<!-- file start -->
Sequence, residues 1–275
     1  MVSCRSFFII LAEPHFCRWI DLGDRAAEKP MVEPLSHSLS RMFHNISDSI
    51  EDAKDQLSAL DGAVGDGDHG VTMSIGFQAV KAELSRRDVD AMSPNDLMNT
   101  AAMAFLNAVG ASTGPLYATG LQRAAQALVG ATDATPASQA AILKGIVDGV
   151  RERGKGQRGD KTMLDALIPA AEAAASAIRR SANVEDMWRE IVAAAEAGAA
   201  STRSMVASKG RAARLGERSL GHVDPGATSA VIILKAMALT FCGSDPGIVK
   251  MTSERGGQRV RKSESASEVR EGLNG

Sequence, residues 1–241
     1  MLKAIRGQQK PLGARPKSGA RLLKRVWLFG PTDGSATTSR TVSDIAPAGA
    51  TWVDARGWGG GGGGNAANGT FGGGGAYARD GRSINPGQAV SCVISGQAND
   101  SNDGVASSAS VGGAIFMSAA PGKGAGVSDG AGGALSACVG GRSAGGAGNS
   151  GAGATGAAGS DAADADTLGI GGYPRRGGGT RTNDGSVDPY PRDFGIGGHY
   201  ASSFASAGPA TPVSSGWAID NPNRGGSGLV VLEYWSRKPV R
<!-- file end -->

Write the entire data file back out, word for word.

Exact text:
Sequence, residues 1–275
     1  MVSCRSFFII LAEPHFCRWI DLGDRAAEKP MVEPLSHSLS RMFHNISDSI
    51  EDAKDQLSAL DGAVGDGDHG VTMSIGFQAV KAELSRRDVD AMSPNDLMNT
   101  AAMAFLNAVG ASTGPLYATG LQRAAQALVG ATDATPASQA AILKGIVDGV
   151  RERGKGQRGD KTMLDALIPA AEAAASAIRR SANVEDMWRE IVAAAEAGAA
   201  STRSMVASKG RAARLGERSL GHVDPGATSA VIILKAMALT FCGSDPGIVK
   251  MTSERGGQRV RKSESASEVR EGLNG

Sequence, residues 1–241
     1  MLKAIRGQQK PLGARPKSGA RLLKRVWLFG PTDGSATTSR TVSDIAPAGA
    51  TWVDARGWGG GGGGNAANGT FGGGGAYARD GRSINPGQAV SCVISGQAND
   101  SNDGVASSAS VGGAIFMSAA PGKGAGVSDG AGGALSACVG GRSAGGAGNS
   151  GAGATGAAGS DAADADTLGI GGYPRRGGGT RTNDGSVDPY PRDFGIGGHY
   201  ASSFASAGPA TPVSSGWAID NPNRGGSGLV VLEYWSRKPV R